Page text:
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Posted: Sep 13, 2011

Free e-book on nanogenerators

(Nanowerk News) Probably the leading team that is driving forward the work on nanogenerators for converting mechanical energy into electricity is Zhong Lin Wang's group at Georgia Tech. So far, we have covered their exciting work in at least half a dozen Nanowerk Spotlights about nanopiezotronics and nanogenerators.
Wang, Distinguished Professor and Director, Center for Nanostructure Characterization at Georgia Tech, has now authored a comprehensive and coherent review about the development of nanogeneratos, organizing his book based on his group's published papers.
And best of all, rather than selling hard copies, he decided to distribute this book free of charge (download here: "Nanogenerators for Self-powered Devices and Systems"; pdf – 11.3 MB) through the internet so that it can benefit a wider range of readers (please note: although you may freely download this book and use it for non-commercial purposes, Wang's group own the copyright of the book and preserve the right of making any revisions and changes. The official publisher of the book is Georgia Institute of Technology.)
nanogenerators
Background
Ever since the wide range applications of laptop computers and cell phones, seeking of power sources for driving portable electronics is becoming increasingly important. The current technology mainly relies on rechargeable batteries. But for the near future, micro/nano-systems will be widely used in health monitoring, infrastructure and environmental monitoring, internet of things and defense technologies; the traditional batteries may not meet or may not be the choice as power sources for the following reasons.
First, with the increasingly shrinkage in size, the size of the total micro/nano-systems could be largely dominated by the size of the battery rather than the devices.
Second, the number and density of micro/nano-systems to be used for sensor network could be large, thus, replacing batteries for these mobile devices becoming challenging and even impractical.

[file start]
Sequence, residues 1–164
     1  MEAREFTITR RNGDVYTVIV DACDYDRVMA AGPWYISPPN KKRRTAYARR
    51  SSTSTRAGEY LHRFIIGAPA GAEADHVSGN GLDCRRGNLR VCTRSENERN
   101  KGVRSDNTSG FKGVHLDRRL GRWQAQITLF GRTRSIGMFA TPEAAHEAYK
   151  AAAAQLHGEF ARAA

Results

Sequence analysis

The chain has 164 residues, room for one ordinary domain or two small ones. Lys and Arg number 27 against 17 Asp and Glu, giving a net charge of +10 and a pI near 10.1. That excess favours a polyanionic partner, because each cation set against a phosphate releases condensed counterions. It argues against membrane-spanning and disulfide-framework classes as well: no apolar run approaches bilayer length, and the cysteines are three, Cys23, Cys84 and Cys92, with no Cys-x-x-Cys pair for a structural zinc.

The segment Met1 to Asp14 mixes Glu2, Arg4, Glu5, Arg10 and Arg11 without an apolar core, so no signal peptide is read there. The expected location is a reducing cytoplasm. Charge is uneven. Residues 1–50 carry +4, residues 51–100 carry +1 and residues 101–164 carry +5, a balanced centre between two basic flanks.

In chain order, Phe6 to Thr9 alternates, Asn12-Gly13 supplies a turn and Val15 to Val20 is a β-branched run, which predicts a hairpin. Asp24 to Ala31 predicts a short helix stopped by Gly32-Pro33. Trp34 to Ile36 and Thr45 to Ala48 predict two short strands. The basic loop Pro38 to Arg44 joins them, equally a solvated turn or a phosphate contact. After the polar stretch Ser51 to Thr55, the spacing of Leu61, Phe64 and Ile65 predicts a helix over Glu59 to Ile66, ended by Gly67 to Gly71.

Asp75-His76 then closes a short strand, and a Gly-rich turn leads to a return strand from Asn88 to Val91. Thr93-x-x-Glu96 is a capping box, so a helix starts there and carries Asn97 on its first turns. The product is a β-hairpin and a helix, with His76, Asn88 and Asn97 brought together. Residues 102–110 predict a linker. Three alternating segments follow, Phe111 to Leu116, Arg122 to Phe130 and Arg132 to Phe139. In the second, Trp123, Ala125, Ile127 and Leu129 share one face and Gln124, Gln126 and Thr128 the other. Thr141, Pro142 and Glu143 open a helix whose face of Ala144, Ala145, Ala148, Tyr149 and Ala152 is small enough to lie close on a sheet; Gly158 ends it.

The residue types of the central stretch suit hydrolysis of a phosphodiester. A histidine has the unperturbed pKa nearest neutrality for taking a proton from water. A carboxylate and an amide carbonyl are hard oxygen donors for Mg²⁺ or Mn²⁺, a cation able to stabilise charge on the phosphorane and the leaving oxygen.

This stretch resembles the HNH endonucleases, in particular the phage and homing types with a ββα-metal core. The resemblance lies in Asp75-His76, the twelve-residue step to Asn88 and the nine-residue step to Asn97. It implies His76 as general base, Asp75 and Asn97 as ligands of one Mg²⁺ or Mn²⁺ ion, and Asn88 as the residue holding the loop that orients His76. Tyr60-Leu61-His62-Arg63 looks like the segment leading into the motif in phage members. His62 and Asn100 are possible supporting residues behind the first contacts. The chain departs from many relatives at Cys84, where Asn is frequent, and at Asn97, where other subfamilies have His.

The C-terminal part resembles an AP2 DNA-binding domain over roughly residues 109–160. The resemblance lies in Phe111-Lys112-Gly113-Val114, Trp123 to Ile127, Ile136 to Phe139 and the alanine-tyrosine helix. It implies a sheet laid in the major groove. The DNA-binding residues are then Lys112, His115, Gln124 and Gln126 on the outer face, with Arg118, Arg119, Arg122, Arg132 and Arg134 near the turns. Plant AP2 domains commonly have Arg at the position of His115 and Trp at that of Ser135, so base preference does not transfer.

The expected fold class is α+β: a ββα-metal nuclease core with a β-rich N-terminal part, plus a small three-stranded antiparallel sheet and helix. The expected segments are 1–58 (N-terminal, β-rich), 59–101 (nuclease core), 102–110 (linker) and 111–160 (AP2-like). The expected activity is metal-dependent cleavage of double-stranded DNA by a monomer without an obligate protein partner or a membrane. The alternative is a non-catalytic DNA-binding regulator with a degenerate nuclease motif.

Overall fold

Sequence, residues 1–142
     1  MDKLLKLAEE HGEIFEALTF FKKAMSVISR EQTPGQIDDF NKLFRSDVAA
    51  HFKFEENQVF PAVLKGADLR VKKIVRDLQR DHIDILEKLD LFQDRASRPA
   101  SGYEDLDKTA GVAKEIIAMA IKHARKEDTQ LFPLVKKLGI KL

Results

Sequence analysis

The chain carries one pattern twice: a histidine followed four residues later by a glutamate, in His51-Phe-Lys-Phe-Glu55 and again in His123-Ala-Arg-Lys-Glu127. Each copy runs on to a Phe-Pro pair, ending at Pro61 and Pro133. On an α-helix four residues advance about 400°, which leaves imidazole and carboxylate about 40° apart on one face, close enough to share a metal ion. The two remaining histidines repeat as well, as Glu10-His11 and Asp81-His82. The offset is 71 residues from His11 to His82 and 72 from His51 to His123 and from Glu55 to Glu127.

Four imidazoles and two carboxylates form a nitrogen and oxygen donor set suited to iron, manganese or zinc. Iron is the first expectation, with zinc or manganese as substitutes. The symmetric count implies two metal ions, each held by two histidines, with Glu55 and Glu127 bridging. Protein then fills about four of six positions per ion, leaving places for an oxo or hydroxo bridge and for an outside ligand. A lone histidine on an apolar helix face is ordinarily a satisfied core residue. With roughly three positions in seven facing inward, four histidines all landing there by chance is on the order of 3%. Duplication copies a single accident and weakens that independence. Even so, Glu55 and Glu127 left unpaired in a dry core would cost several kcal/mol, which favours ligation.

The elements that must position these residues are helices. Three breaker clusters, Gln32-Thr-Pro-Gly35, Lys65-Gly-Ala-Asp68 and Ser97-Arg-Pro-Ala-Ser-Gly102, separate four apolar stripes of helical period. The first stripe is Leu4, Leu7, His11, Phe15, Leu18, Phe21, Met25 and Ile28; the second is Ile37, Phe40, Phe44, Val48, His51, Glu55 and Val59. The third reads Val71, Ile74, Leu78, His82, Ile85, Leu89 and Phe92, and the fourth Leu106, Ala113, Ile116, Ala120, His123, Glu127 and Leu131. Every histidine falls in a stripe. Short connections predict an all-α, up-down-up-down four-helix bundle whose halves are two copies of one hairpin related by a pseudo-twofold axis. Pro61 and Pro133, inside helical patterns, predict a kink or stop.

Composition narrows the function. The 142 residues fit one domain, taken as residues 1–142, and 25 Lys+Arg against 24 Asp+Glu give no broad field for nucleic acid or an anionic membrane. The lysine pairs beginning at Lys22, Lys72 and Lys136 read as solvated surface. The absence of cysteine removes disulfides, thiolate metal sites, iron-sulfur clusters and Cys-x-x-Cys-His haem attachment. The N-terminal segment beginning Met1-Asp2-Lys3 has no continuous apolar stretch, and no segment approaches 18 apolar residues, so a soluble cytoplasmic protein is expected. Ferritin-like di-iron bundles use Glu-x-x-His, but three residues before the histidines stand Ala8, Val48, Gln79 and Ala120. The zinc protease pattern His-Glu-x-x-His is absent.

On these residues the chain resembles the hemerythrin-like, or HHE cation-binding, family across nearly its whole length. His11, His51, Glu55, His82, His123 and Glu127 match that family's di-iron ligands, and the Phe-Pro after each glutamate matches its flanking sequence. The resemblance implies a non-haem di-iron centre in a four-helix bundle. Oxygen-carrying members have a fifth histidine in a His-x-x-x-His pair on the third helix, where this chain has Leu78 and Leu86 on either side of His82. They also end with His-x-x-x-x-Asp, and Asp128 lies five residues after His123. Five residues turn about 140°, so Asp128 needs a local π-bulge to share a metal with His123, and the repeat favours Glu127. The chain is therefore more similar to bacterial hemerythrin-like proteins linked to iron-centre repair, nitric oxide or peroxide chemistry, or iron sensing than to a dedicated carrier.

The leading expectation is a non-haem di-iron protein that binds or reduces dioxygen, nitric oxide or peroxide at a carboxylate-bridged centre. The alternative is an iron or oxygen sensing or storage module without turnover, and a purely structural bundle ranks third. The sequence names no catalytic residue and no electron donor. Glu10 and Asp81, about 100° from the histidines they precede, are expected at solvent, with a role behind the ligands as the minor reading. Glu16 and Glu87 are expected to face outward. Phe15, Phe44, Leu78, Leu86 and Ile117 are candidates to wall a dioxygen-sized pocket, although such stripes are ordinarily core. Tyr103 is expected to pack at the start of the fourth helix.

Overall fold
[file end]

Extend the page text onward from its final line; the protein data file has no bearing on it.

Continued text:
Lastly, the power needed to drive a micro/nano-system is rather small, in the range of micro- to milli-Watt range.
To meet these technological challenges, the author proposed the self-powering nanotechnology in 2005, aiming at harvesting energy from the environment to power the micro/nano-systems based sensor network. Ever since they demonstrated the first nanogenerators using piezoelectric nanowires for converting mechanical energy into electricity ("Piezoelectric Nanogenerators Based on Zinc Oxide Nanowire Arrays"), a great interest has been excited worldwide for developing various approaches for energy harvesting. A key idea presented in the 2006 paper is the self-powered nanotechnology, aiming at powering nanodevices/nanosystems using the energy harvested from the environment in which the systems are suppose to operate.
To provide a comprehensive and coherent review about the development of nanogeneratos, Wang has organized this book mainly based on our published papers to provide a coherent coverage about the nanogenerators from fundamental materials, basic physics principles and theory, scientific approach, engineering-scale up and technological applications, so that readers can get a full picture about the development of this technology. The entire 139-page book is composed of 11 chapters with hundreds of figures.
Source: Wang Lab, Georgia Tech
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